Decreased slow-wave and paradoxical sleep in a rat chronic pain model

Sleep. 1989 Apr;12(2):167-77. doi: 10.1093/sleep/12.2.167.


Diurnal sleep-wake patterns in the normal and the adjuvant arthritic rat were measured during the first 3 h of both light and dark periods. During the hours of maximal sleep in the normal rat, arthritic rats showed a significant increase in wakefulness (Wake), a shift to non-rapid-eye-movement (NREM) stages with lower amplitudes (LS and HS1), and a large reduction of NREM sleep with the highest-amplitude (HS2) and paradoxical sleep. Arthritic rats also showed marked sleep fragmentation manifested by more episodes of Wake, LS, and HS1 and shorter episodes of HS2 during both the light and the dark periods. Thus, arthritic rats cannot sustain long periods of sleep. In contrast to control rats, arthritic rats lacked a diurnal variation in Wake, total sleep, and electroencephalographic (EEG) delta activity. They also showed a decrease in overall EEG amplitude. In addition, there was a positive correlation between the severity of arthritis and the percentages of NREM sleep with low (LS) and moderate (HS1) amplitude. Thus, the decline in EEG amplitude could indicate a deficit of EEG generating mechanisms or some aspect of disease severity, such as pain.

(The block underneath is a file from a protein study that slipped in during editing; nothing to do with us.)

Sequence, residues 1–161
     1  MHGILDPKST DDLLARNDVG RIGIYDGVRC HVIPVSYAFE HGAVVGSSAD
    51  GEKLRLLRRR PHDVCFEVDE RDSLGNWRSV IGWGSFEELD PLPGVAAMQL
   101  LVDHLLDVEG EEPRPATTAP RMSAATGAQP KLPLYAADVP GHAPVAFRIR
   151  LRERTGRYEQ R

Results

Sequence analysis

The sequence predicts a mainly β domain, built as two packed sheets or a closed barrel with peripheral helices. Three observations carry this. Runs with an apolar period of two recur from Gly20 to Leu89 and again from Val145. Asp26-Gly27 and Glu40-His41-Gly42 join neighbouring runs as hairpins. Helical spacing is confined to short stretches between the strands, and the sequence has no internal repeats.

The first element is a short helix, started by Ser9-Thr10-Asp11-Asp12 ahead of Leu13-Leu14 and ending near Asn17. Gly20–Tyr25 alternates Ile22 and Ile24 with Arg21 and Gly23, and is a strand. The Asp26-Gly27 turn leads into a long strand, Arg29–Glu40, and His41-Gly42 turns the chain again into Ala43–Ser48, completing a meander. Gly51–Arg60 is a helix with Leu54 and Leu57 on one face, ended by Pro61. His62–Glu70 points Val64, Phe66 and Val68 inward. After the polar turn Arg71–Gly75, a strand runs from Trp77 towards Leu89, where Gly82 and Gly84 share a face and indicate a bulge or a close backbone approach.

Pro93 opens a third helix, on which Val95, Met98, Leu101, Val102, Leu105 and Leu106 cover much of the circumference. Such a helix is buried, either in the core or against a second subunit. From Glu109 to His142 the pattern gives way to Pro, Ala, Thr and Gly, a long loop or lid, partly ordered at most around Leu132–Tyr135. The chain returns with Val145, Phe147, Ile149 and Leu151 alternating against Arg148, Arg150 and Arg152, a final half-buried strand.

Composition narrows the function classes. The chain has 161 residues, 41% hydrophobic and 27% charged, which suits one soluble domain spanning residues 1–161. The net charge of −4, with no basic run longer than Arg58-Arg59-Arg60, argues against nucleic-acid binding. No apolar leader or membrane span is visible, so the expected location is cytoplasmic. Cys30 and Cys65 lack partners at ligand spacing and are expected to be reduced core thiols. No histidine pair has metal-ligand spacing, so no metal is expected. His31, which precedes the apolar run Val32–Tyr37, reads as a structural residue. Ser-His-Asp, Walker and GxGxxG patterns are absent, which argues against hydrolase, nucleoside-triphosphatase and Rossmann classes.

Publication types

  • Research Support, Non-U.S. Gov't
  • Research Support, U.S. Gov't, P.H.S.

MeSH terms

  • Animals
  • Arthritis / complications
  • Arthritis / physiopathology*
  • Circadian Rhythm
  • Disease Models, Animal
  • Electroencephalography
  • Pain / etiology
  • Pain / physiopathology*
  • Rats
  • Rats, Inbred Strains
  • Sleep Stages
  • Sleep*
  • Sleep, REM
  • Wakefulness